After a Bout of Flu, Mice Grow Taste Bud Cells in Their Lungs

tuft cells
Bright green tuft cells, which are found in taste buds, are seen throughout mouse lung tissue after an infection with the flu. (Image credit: Andrew Vaughan/University of Pennsylvania)

A bout of influenza may have a long-lasting side effect: The growth of bizarrely out-of-place taste bud cells in the lungs.

New research conducted in mice finds that the growth of these taste bud cells may be linked to long-term problems with lung function after the flu, though additional research is needed to confirm the findings in humans.

Still, taste bud cells in the lungs "was just really weird to see, because the cells are not in the lung" normally, study author Andrew Vaughan, a biologist at the University of Pennsylvania's School of Veterinary Medicine, said in a statement. "The closest they are normally [found] is in the trachea." [11 Surprising Facts About the Respiratory System]

Rebuilding after the flu

Vaughan and his colleagues were studying the long-lasting impacts of severe lung inflammation caused by influenza A, one of the flu virus types responsible for the viral infection that circulates every winter. Around half a million people worldwide die from influenza A each year, Vaughan and his colleagues wrote in a paper published March 25 in the American Journal of Physiology – Lung, Cellular and Molecular Physiology. Many people who recover have long-lasting problems with lung function.

The researchers had previously found that this loss of lung function is likely related to the way the lungs rebuild themselves after sustaining severe damage from the infection. Certain cells called lineage-negative epithelial progenitors vastly expand their numbers in the lungs after the virus clears. They seem to help rebuild tissue, but many morph into abnormal cell types that can't do the typical job of exchanging oxygen and carbon dioxide across lung tissue.

In the new study, the researchers infected mice with H1N1, a type of influenza A. Then, the researchers euthanized the mice at different points during their recovery to study how their lung tissue had changed over time.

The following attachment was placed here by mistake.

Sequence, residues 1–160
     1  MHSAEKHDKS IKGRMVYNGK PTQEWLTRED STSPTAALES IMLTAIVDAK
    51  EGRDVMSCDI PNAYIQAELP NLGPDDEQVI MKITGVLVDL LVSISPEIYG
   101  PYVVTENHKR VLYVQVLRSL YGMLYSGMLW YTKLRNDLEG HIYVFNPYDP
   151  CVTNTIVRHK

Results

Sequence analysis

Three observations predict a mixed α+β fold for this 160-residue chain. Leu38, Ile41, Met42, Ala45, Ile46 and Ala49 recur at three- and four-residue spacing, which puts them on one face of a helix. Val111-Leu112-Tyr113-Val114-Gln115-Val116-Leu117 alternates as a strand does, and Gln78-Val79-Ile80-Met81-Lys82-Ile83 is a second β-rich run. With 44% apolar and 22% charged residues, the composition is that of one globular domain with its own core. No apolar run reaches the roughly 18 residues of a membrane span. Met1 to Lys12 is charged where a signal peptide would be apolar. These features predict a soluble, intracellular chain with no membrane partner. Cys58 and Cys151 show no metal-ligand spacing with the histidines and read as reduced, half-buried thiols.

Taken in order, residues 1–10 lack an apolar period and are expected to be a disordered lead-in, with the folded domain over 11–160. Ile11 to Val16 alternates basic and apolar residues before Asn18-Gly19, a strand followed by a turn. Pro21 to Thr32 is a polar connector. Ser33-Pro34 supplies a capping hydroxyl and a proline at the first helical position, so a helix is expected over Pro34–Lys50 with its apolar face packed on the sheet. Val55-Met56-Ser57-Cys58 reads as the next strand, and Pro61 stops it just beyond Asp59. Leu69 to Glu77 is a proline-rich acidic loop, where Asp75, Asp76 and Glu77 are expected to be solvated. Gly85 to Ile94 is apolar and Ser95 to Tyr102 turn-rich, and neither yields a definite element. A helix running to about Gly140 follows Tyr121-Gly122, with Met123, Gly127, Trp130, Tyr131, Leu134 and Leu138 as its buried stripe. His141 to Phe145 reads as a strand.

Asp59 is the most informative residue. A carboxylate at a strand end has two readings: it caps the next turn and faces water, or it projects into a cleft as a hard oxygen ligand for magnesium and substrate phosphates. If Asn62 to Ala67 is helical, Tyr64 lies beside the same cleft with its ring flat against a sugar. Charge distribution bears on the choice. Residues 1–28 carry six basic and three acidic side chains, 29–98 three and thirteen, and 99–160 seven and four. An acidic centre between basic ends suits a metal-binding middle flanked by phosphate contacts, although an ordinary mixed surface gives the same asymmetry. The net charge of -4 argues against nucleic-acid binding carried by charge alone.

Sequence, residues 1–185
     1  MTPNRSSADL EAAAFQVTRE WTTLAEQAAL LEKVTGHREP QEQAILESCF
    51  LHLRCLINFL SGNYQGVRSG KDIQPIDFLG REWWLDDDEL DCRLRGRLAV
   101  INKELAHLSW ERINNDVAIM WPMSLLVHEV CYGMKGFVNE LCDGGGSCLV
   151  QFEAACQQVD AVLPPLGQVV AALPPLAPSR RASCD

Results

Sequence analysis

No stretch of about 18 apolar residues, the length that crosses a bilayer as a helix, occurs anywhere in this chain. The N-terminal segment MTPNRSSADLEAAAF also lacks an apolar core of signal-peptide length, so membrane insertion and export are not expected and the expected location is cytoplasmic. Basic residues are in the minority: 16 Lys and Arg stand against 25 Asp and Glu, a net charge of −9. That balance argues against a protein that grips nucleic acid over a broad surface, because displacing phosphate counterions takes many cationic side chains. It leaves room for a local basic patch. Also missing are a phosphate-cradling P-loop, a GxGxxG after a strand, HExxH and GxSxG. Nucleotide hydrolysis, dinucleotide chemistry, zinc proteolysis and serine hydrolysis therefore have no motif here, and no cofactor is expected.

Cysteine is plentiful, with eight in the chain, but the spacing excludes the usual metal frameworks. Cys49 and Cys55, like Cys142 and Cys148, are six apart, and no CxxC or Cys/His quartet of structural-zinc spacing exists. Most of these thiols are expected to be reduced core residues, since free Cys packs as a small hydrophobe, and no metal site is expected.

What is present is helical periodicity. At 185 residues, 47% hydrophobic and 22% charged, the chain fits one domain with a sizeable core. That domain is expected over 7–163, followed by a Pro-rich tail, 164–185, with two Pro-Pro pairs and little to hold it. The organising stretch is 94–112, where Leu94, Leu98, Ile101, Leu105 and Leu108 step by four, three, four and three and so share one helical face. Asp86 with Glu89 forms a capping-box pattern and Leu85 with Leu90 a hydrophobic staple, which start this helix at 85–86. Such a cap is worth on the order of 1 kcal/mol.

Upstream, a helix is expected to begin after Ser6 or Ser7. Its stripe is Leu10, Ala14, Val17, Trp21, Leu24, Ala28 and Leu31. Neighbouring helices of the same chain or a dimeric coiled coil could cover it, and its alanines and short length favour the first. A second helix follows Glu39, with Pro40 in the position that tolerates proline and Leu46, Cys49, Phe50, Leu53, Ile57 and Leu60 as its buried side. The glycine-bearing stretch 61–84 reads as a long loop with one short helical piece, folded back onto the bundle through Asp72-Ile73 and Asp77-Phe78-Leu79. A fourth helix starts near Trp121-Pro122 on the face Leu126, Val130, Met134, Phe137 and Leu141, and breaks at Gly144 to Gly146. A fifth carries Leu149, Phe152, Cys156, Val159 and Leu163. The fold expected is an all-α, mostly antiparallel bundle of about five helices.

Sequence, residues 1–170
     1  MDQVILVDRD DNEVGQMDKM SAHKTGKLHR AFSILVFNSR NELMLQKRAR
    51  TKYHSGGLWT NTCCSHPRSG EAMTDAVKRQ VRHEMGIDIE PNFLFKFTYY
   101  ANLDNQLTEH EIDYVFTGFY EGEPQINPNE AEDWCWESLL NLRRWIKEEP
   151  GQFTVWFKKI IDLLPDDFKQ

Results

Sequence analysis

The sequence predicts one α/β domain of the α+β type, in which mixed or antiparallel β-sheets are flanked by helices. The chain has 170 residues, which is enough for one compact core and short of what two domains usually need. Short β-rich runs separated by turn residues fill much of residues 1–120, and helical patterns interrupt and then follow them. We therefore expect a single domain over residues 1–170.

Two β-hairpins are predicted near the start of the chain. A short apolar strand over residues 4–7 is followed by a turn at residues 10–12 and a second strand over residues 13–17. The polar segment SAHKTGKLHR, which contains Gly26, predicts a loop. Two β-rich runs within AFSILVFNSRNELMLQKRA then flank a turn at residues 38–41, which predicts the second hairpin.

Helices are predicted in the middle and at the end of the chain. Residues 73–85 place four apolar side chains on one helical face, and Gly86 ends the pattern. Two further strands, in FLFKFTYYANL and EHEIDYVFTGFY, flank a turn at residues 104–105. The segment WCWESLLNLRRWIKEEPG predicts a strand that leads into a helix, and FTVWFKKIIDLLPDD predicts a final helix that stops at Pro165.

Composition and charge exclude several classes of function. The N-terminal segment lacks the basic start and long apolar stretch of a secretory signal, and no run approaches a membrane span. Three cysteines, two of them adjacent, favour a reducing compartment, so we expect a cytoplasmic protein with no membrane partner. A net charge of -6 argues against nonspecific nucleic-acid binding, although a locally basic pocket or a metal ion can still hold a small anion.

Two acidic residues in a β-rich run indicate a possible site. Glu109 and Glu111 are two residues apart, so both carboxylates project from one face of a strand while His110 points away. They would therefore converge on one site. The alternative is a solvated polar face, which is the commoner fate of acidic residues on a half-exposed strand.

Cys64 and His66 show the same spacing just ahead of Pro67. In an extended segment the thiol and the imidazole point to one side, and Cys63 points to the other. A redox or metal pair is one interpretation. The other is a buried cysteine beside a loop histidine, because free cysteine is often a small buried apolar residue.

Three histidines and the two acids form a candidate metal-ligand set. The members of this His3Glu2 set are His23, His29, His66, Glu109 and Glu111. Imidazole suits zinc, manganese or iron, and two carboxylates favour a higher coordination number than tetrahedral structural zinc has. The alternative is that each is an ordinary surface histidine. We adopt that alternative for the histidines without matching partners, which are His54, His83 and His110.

Out of place

They were unsurprised to find, post-infection, that the lungs were a hotspot of immune activity. What was odd, though, was that there was a strong "Type 2" immune response, which involves particular immune cells known to respond strongly to parasitic worms and to be involved in allergies — neither of which is involved with the flu.

The researchers were perplexed by what might be creating this persistent immune response, so they set out looking for a particular type of cell known to cause it. These cells, called tuft cells, brush cells or solitary chemosensory cells, shouldn't be in the lungs. But in the post-flu mice, they were everywhere.

The cells are of the same sort found in taste buds, and they detect bitterness. When the researchers stimulated the out-of-place cells with bitter compounds, they went wild, growing and triggering an inflammatory response. The researchers also found that the out-of-place taste bud cells arose from the same lineage-negative epithelial progenitors already known to rebuild nonfunctional lung tissue after the flu.

This finding was exciting, Vaughan said, because solitary chemosensory cells are present in elevated numbers in people with asthma and in nasal polyps, which are noncancerous tissue growths in the nasal passage linked to inflammation.

"These recent findings may be a link between Type 2 inflammatory diseases, such as asthma, as well as nasal polyps, following a respiratory viral infection," Vaughan said in the statement. The finding could explain why children who get severe respiratory infections are predisposed to asthma later, he added. The researchers now plan to examine human lung samples to confirm that the same cells appear after the flu.

Originally published on Live Science.

Stephanie Pappas
Live Science Contributor

Stephanie Pappas is a contributing writer for Live Science, covering topics ranging from geoscience to archaeology to the human brain and behavior. She was previously a senior writer for Live Science but is now a freelancer based in Denver, Colorado, and regularly contributes to Scientific American and The Monitor, the monthly magazine of the American Psychological Association. Stephanie received a bachelor's degree in psychology from the University of South Carolina and a graduate certificate in science communication from the University of California, Santa Cruz.